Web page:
The effects of cannabis do not even come close to the hazards that alcohol or hard drugs can bring to its users.
As a matter of fact, the U.S. federal government, the same system that still lumps any cannabis-derived item in the same Schedule I classification as heroin, even admits that cannabis is only about as addictive as caffeine.
How Real is Cannabis Addiction?
According to the report of the National Institute on Drug Abuse, there is only about 9 percent of cannabis consumers who have developed dependency issues.
But compared to the same type of craving other substances like heroin, methamphetamine, and prescription opioids create on their users, cannabis is way safer.
A number of studies have disclosed that this disease commonly referred to as “cannabis use disorder” is more of a mental dependence rather than a physical affliction.
Even though the American Society of Addiction considers that cannabis dependency is a significant problem for cannabis users, it has reported that this condition is extremely rare.
“Although few marijuana users develop dependence, some do,” according to the 2012 study of the American Society of Addiction. “But they appear to be less likely to do so than users of other drugs (including alcohol and nicotine), and marijuana dependence appears to be less severe than dependence on other drugs.”
Marijuana Anonymous for Cannaholics
But for those who claim and are convinced that their obsession with cannabis has spiraled out of control, there is Marijuana Anonymous or simply MA.
Similar to the already established Alcoholics Anonymous (AA), the cannabis version of this 12-step program was created for those who have declared and admitted that they have reached a record low because of their cannabis use and would like to find their way to recover through regular meetings.
Oftentimes, alcoholics are not the only attendees of AA meet-ups, people who suffer addiction from pills and other hard drugs can also be found lingering in the halls of the AA meetings.
On the other hand, Marijuana Anonymous, which was established in 1989, tries to only single out the people who think that their lives are negatively affected because of cannabis dependence.
According to MA’s preamble, the only requirement for an individual to become a member is their desire to stop using cannabis.
Members do not pay fees or dues for the membership. It is also stated in their preamble that they are a self-supporting organization through their own contributions.
Marijuana Anonymous is not affiliated with any secular organizations or religious institutions. They also refrain from giving their opinion on any outside causes or controversies.
They also proclaim that their primary focus is only to stay free of cannabis and to support recovering cannabis addicts who are finding to achieve freedom from the substance. And just like the 12-Step Program of AA, MA also has its own twelve-step recovery program guided by their twelve traditions.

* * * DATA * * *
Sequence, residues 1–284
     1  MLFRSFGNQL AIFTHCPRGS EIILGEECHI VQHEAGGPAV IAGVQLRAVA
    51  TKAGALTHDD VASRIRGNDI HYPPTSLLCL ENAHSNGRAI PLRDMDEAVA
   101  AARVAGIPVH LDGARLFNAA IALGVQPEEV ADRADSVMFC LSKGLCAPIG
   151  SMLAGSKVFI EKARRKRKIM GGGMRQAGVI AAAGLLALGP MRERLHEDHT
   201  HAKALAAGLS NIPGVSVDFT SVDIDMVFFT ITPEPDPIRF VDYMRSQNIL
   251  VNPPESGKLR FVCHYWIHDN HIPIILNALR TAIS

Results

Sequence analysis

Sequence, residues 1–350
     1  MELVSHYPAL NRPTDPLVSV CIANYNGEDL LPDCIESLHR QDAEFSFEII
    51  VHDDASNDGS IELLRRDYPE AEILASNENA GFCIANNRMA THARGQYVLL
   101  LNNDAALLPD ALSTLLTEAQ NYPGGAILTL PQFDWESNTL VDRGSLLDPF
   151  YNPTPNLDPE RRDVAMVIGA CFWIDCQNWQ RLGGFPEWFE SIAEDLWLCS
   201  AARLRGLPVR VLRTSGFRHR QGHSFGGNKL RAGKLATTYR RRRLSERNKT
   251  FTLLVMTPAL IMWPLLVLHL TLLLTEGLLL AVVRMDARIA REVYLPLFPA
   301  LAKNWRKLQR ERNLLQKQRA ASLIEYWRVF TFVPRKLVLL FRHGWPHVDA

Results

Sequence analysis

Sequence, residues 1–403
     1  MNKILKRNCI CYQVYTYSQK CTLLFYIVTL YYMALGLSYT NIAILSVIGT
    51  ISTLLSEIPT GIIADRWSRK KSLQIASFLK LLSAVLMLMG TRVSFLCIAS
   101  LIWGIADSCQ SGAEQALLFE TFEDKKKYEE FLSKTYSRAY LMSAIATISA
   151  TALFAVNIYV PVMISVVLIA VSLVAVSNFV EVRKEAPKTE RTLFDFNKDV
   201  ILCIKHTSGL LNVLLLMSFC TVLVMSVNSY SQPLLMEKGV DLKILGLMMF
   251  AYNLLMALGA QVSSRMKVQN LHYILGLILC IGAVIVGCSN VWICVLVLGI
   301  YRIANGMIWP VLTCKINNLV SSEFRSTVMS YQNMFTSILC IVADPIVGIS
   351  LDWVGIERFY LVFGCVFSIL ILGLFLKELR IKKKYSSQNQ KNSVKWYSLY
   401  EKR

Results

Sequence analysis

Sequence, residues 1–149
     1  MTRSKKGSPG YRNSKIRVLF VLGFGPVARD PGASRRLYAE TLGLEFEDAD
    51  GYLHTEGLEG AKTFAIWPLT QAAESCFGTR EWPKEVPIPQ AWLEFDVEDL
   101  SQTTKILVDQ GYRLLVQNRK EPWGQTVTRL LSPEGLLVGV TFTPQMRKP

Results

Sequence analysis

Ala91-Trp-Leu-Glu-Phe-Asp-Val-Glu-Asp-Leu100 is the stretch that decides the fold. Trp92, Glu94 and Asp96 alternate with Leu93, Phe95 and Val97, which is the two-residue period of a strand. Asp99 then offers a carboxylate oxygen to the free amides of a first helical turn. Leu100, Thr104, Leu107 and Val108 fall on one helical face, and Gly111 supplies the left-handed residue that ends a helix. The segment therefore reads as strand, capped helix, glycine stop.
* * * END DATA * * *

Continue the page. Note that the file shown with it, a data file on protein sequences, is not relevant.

When they were asked about their take on cannabis legalization, they declined to give a comment saying that they have no official stance on whether the substance should be made legal. They added that it is the cannabis addicts who are in control of his or her life.
Cannabis Addiction is Not Taken Seriously
A number of specialists do not believe that addiction to cannabis is real enough to warrant immediate action.
J. Wesley Boyd, a Harvard medical professor said that cannabis dependency is insignificant in comparison to other intoxicating substances such as alcohol.
Boyd wrote that those who quit generally experience impartially faint physiological signs of withdrawal.
He said that the symptoms include irritability, cravings, and mildly elevated pulse and these indicators are much less recognizable or even potent enough than those observed from people who are addicted to painkillers, alcohol, and tranquilizers.
Unlike harder drugs which can cause powerful withdrawal symptoms like hallucinations, seizures, and even death, Professor Boyd said that the worst thing that a person can experience pulling out of their cannabis addiction is that they might miss the feeling of being stoned.
Yet he also admitted that the symptoms might be worse if they started experimenting with cannabis in their youth. Boyd advises young people interested in trying cannabis to wait until adulthood to join the stoner nation.
Is Marijuana Anonymous Really Needed?
Evidence for cannabis addiction is still not enough but apparently, a select few cannabis users out there have trouble dealing with their lives because of enslavement to this craving. If not, Marijuana Anonymous would not be hosting regular meetups globally.
Much like Alcoholics Anonymous, the society attempts to create a sense of community back to the people who have fallen on a difficult time of their lives because of dependence on the intoxicating substance.
It is not our place to judge. Everyone has vast and complex problems in their lives. So, if MA is something that can make a person feel better, something that can help an individual cope with their dependency, then we should let them be.